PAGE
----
SciELO - Scientific Electronic Library Online

 
vol.108 issue6Economic evaluation of safety-engineered devices and training in reducing needlestick injuries among healthcare workers in South AfricaPoor anticoagulation control in patients taking warfarin at a tertiary and district-level prothrombin clinic in Cape Town, South Africa author indexsubject indexarticles search
Home Pagealphabetic serial listing  

Services on Demand

Article

Indicators

Related links

  • On index processCited by Google
  • On index processSimilars in Google

Share


SAMJ: South African Medical Journal

On-line version ISSN 2078-5135
Print version ISSN 0256-9574

Abstract

JACOBS, R K  and  HENDRICKS, M. Medical students' perspectives on euthanasia and physician-assisted suicide and their views on legalising these practices in South Africa. SAMJ, S. Afr. med. j. [online]. 2018, vol.108, n.6, pp.484-489. ISSN 2078-5135.  http://dx.doi.org/10.7196/samj.2018.v108i6.13089.

BACKGROUND. Euthanasia/physician-assisted suicide have been a controversial and sometimes taboo topic for a long time, not only in South Africa (SA) but also internationally. A recent (SA) judicial case has seen the topic debated again. Consensus on accepting or abolishing these practices in SA has yet to be reached. All relevant role players need to be adequately engaged before policy can be informed. OBJECTIVES. To determine the views of future doctors (medical students) regarding euthanasia and physician-assisted suicide (PAS) and to ascertain their stance on its legalisation in South Africa (SA). METHODS. A paper-based, semi-quantitative descriptive study design consisting of 16 questions, using convenience sampling of third- to fifth-year medical students at Stellenbosch University, was used. RESULTS. The overall response rate was 69.3% (N=277). In total, 52.7% of participants (n=146) felt that the practices of euthanasia/PAS should be legalised in SA. Responses varied depending on patient morbidities. If a patient had terminal disease with intractable suffering, 41.9% of participants would terminate the patient's life upon request. A further 36.1% of participants stated that they would have no part in ending a patient's life, while 35.0% said that they would be comfortable with providing the patient with the correct means to end their life (PAS). The majority (80.1%) of participants indicated that they would prefer a dedicated ethics committee to decide who receives euthanasia/PAS. Many factors influenced participants' responses, but differences in opinion between and within the various religious groups were particularly evident in the responses received. CONCLUSIONS. More than half the respondents in this study were open to legalising euthanasia/PAS, substantially more than in previous studies. However, only 41.9% of respondents would consider actually performing euthanasia/PAS, for certain patients. Views of other healthcare workers as well as the public are required before policy can be informed.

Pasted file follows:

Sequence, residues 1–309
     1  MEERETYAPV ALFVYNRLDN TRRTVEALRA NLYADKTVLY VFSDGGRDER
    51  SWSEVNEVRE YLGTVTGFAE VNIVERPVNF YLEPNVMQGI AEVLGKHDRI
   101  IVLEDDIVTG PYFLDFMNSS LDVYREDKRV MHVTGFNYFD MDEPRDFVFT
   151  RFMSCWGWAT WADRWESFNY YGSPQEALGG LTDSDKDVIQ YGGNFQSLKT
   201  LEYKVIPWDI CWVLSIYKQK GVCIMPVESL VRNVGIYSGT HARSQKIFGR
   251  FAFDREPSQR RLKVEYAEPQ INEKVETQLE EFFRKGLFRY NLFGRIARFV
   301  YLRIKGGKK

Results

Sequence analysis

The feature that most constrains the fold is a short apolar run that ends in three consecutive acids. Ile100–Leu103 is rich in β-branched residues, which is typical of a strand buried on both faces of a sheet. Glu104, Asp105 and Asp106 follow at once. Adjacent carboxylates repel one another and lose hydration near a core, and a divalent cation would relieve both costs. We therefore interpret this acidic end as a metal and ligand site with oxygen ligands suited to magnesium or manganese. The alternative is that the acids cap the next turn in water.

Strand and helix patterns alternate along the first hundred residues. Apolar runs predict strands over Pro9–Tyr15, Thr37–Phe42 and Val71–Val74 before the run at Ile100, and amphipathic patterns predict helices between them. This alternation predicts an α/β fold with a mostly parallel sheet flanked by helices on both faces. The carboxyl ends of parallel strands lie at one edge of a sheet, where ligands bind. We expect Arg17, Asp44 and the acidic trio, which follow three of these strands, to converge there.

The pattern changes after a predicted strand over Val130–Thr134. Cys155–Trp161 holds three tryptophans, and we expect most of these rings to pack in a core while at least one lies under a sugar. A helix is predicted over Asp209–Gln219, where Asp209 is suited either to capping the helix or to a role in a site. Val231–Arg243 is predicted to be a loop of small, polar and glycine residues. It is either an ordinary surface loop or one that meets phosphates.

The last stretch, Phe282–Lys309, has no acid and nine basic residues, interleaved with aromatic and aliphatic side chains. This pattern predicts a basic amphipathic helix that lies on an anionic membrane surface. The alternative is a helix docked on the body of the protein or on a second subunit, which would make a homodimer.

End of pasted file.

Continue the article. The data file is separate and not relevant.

· text in English     · English ( pdf )

 

Creative Commons License All the contents of this journal, except where otherwise noted, is licensed under a Creative Commons Attribution License